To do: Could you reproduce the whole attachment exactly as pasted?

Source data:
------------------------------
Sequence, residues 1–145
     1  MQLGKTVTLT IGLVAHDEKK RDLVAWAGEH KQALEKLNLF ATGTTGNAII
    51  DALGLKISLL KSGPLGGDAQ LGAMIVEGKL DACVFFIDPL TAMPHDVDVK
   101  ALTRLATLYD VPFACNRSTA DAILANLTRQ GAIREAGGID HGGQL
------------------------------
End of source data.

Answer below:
Sequence, residues 1–145
     1  MQLGKTVTLT IGLVAHDEKK RDLVAWAGEH KQALEKLNLF ATGTTGNAII
    51  DALGLKISLL KSGPLGGDAQ LGAMIVEGKL DACVFFIDPL TAMPHDVDVK
   101  ALTRLATLYD VPFACNRSTA DAILANLTRQ GAIREAGGID HGGQL